The data are from the Canadian General Social Surveys (GSS) of 1986, 1990, 1994 and 1995. The sample is restricted to the individuals born in Canada between 1946 and 1965, that is, the baby-boom generation. In addition to controlling for parental education, the sibship size is instrumented by a non-binary variable created based on the sex composition of the sibship. While most previous studies have pooled both genders, the present paper produces by gender estimates
The OLS estimates are statistically significant, negative and moderately large for both male and female baby boomers. When the sibship size is instrumented, the estimates indicate that one additional sibling had reduced the educational attainment of male baby boomers by almost half a year. No causal effect for the sibship size is found for female baby boomers.
This is the first paper on the effects of sibship size on educational attainment, using Canadian data.
The purpose of this paper is to explore the harms suffered by intersex children who are subjected to medically unnecessary genital-normalizing surgery (GNS) and the…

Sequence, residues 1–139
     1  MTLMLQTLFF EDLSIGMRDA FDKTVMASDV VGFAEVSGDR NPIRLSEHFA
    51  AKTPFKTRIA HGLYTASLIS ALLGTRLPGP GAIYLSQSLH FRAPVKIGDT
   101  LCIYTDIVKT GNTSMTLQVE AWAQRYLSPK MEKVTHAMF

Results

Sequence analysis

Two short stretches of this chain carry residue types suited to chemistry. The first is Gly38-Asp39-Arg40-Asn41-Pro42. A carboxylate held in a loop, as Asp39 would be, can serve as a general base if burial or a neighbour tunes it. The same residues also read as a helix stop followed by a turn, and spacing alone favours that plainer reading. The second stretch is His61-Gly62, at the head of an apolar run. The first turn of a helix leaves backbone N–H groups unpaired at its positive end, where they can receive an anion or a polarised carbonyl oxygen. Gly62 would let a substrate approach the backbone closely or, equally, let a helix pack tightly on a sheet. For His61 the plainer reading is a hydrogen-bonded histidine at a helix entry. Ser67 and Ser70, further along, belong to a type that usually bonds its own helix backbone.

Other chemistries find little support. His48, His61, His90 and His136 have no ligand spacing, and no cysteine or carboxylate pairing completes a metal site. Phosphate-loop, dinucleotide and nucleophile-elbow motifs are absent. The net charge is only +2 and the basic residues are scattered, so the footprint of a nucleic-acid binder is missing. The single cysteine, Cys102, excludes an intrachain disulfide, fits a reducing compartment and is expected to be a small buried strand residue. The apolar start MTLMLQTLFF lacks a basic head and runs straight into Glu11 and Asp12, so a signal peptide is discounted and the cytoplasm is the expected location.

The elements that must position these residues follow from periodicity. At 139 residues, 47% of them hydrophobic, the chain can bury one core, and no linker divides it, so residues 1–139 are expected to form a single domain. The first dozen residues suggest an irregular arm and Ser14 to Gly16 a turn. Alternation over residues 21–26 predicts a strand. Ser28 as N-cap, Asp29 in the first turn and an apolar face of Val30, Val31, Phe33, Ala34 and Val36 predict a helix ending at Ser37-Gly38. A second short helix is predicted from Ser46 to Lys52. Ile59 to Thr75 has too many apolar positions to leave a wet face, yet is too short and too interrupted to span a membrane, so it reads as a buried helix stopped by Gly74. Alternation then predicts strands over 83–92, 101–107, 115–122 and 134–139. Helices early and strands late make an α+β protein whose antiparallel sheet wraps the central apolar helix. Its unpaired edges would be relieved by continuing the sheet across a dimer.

The purpose of this paper is to explore the harms suffered by intersex children who are subjected to medically unnecessary genital-normalizing surgery (GNS) and the possible applicability of statutes prohibiting female genital mutilation (FGM) to certain cases of GNS to redress this harm in the USA.
Consulting publications by medical researchers and intersex activists alike, this comment reviews the procedures undertaken as part of GNS (most commonly including clitoral reduction) and the reasons behind these procedures. It also parses the language of federal and state statutes prohibiting FGM in the USA.
Surgical practices that include clitoral cutting when the procedure is not necessary to the health of the person on whom it is performed constitute FGM and are punishable under federal and certain state laws in the USA. GNS with clitoral reduction fits the definition of FGM because it is performed for cosmetic and social reasons, not medical necessity.
Acknowledging GNS with clitoral reduction as FGM is a crucial strategy to ensure that female-assigned intersex children’s rights to bodily autonomy are protected to the same extent as non-intersex children’s rights. Intersex legal activists in the USA should press for enforcement of FGM statutes as to female-assigned intersex children until the medical practitioners who continue to defend and perform GNS see the procedures as illegal genital mutilation.